Carousel, Jardin du Luxembourg, 6ème
Paris is full of carousels and if you’re looking for glamour, ignore me, and head for Hôtel de Ville. But if you like your carousels ancient and stately with proudly careworn steeds and a sense of tradition, ride the city’s oldest in the glorious Jardin du Luxembourg. For a mere €2,50 you (or someone more age appropriate) can take a turn on the very horses that have made appearances in stories, paintings and illustrations of Parisian life since 1879. And you can try your hand at ‘Jeu de Bague’ here too, a sort of carousel jousting game requiring the lightening reflexes and perfect hand eye coordination of a five year old.
Au Petit Fer à Cheval, 30 Rue Vieille du Temple, Le Marais, 4ème
Right opposite La Belle Hortense (bookshop, wine bar and Parisian institution) Au Petit Fer à Cheval would be the perfect place to find yourself in the days when you could get lost in Paris. But that’s about the only nostalgia box this little retro bar doesn’t tick. If you’re lucky enough to snag a seat on the pavement or at the street front windows Au Petit Fer à Cheval is ideal for people watching. And it’s open till 0100 so you can drink beer until you eventually need to ask one of the waiters for directions.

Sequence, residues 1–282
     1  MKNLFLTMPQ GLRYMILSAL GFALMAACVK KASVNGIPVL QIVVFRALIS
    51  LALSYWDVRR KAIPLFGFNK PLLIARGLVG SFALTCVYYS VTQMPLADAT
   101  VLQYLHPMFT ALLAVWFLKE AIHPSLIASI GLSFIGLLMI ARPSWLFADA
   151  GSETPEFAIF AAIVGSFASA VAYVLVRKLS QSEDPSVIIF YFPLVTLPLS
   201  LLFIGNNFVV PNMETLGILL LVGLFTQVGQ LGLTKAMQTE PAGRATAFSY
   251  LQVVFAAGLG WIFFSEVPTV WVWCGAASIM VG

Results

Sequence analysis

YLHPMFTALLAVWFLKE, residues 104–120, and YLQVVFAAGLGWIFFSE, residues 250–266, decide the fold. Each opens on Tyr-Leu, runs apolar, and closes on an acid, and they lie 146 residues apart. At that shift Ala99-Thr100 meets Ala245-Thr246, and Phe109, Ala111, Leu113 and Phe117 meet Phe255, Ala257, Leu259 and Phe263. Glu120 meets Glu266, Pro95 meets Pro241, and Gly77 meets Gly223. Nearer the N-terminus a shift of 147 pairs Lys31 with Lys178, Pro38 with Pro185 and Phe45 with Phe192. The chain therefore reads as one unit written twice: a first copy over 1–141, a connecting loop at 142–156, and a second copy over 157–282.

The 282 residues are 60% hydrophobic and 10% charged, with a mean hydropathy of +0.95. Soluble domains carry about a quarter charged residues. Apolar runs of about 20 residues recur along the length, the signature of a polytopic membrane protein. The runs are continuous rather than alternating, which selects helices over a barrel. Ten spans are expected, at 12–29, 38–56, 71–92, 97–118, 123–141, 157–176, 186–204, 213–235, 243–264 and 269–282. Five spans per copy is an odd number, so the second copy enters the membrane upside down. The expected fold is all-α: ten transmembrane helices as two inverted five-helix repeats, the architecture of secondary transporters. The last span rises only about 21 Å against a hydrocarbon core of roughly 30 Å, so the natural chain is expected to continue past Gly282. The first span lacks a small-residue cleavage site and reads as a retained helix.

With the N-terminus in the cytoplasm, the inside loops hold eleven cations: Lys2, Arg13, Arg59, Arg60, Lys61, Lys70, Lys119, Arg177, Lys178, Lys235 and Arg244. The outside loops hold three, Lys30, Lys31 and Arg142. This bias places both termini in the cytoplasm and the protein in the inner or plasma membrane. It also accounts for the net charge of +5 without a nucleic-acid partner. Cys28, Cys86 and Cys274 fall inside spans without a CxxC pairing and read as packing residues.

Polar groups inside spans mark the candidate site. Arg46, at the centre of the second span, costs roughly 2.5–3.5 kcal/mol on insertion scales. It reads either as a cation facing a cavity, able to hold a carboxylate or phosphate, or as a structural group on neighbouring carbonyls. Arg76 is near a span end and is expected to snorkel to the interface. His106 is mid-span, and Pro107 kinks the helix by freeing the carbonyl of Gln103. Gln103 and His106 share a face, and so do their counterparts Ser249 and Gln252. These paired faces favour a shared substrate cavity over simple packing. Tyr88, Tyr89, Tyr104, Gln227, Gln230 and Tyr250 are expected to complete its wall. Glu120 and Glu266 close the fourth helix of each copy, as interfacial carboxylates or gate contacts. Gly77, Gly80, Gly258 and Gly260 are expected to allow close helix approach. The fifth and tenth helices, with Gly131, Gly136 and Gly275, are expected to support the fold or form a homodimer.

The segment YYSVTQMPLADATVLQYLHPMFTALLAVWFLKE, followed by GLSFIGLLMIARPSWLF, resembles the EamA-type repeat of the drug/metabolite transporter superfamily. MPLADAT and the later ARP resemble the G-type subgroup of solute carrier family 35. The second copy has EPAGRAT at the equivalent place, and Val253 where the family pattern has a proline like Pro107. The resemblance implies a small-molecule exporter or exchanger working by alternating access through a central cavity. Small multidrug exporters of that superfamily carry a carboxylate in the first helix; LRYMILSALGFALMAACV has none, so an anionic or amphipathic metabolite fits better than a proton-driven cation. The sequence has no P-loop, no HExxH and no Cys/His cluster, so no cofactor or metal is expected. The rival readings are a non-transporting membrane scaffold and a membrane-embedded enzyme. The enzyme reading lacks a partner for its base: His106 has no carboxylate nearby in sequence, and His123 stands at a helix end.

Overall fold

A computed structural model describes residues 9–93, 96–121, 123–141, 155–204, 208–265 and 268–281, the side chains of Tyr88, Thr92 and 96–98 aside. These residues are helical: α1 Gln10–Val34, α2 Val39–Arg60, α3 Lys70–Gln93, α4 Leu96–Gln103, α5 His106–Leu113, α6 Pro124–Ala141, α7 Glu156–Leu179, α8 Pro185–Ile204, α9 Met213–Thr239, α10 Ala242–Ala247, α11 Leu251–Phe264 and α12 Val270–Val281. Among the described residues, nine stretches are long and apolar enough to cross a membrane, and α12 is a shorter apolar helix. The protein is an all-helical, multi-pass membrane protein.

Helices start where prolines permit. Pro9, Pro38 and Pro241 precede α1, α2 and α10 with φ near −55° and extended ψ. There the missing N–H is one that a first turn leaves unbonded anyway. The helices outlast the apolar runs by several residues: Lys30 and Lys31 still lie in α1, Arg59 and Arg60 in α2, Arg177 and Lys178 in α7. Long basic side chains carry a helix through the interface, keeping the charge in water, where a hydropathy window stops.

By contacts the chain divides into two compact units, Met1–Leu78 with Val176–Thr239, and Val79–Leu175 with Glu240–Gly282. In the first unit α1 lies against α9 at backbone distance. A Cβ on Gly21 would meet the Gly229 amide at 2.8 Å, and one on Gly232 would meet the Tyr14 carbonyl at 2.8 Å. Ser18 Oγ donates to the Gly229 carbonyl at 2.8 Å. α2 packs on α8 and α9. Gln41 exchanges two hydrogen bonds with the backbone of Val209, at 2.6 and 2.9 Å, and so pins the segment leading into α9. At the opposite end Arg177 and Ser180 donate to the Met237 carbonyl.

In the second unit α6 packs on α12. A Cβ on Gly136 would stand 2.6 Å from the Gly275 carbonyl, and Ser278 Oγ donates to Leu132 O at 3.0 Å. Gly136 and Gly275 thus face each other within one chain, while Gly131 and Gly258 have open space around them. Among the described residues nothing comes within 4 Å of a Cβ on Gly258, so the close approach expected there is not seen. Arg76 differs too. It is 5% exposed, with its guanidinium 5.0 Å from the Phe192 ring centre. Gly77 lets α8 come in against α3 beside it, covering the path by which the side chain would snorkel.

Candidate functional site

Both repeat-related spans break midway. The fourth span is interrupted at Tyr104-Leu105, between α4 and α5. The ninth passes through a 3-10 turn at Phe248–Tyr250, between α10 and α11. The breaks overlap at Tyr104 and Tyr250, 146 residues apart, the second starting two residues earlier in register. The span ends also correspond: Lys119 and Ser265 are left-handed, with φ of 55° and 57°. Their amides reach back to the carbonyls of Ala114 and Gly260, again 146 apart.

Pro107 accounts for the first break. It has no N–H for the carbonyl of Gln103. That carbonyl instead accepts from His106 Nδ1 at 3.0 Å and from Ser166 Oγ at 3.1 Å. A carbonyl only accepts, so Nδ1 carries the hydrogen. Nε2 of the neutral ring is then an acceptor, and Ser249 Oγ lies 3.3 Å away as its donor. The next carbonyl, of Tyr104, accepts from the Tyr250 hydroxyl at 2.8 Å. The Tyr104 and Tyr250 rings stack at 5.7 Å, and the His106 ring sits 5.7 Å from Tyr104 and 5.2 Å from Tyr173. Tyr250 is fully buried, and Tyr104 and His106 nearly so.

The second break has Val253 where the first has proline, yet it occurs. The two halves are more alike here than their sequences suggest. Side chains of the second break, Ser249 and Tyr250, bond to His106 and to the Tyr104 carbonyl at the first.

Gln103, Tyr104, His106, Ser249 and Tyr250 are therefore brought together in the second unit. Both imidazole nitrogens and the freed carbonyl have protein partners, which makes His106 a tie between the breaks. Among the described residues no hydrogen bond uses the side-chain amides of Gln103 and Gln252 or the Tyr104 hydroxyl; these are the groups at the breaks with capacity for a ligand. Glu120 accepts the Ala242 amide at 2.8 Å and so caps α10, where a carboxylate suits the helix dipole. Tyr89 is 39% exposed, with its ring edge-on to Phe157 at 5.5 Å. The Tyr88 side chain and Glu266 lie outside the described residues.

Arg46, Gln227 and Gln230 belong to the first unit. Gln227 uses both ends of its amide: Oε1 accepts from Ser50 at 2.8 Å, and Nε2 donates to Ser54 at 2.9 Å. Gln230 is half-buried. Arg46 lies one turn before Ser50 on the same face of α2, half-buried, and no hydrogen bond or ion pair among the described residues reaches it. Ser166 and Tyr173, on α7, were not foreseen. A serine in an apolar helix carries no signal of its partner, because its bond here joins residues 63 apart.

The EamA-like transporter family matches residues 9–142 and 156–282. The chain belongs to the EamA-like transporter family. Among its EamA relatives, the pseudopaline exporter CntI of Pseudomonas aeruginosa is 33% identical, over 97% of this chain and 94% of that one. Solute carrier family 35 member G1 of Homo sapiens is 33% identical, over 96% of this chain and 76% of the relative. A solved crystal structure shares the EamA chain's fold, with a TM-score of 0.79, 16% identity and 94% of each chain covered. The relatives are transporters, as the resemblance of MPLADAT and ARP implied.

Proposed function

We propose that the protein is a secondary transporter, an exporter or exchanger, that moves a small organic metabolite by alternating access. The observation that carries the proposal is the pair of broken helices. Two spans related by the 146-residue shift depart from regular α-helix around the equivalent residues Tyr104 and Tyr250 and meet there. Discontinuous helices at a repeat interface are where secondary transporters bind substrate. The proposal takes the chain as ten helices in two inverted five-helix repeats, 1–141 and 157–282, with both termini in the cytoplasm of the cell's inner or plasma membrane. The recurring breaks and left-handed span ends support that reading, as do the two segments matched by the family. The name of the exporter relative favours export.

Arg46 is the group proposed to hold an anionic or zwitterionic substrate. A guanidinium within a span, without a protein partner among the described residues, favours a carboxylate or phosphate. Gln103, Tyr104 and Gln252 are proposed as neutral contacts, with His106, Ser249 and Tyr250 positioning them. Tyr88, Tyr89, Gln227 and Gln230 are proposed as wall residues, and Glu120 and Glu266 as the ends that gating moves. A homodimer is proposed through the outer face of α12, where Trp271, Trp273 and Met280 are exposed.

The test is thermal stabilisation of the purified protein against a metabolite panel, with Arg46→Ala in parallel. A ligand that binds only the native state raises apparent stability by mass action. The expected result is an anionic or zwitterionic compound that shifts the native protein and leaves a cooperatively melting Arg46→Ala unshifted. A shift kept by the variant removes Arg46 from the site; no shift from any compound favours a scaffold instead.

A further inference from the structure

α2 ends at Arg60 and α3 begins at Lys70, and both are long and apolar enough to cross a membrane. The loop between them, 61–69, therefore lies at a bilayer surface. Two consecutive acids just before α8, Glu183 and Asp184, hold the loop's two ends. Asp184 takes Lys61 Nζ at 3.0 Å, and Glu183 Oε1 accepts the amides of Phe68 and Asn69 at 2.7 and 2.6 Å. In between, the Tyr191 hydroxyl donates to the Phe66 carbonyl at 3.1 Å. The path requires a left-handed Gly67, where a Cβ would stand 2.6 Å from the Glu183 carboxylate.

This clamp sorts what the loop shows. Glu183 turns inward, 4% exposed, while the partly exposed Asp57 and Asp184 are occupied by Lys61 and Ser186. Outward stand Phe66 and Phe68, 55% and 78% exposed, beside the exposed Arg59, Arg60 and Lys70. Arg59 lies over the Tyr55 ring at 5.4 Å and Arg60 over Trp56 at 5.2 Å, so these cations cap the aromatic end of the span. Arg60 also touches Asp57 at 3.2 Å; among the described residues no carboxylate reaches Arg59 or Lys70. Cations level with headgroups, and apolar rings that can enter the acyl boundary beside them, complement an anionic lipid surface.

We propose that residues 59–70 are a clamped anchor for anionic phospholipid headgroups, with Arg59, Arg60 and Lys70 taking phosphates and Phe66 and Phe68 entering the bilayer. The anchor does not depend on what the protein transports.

Square Marcel-Bleustein-Blanchet, Montmartre, 18ème
credit: Klasse im Garten
The Square Marcel-Bleustein-Blanchet in Montmartre gives you the city’s best view of the Sacre Coeur – bit of a turn-around, since most people head up the Sacre Couer for a view of everything else. Apart from its famous and mighty neighbour, the Square is one of the prettiest small parks in Montmartre and the dense, leafy allées are gorgeous on a summer afternoon. Take a stroll and watch the locals play Pétanque, then name one thing more French than the click of boules.
Marché d’Aligre, Quartier Bastille, 12ème
One of the biggest and busiest morning markets in Paris, Marché Aligre sells every ingredient you could ever want and then some. Dive in and don’t be shy. This is a working market that draws serious cooks from all over the city and help, advice and general chat is as much part of making a living here as selling stuff. Go early for fresh bread and fish, then stay on till lunchtime and take a plate of oysters and a glass of wine at Le Baron Rouge – it’s a bit of a tradition and attracts the tv and film types who live locally so expect to eat on the pavement and on your feet. Marché Aligre is open every day till 1300 and closed Mondays, but it’s best mid-week and at the weekend.
Last word of advice on ‘determined drifting’: if you do find yourself in need of directions don’t, under any circumstances, use your phone’s place name pronunciation. Trust me, those Parisians aren’t laughing with you.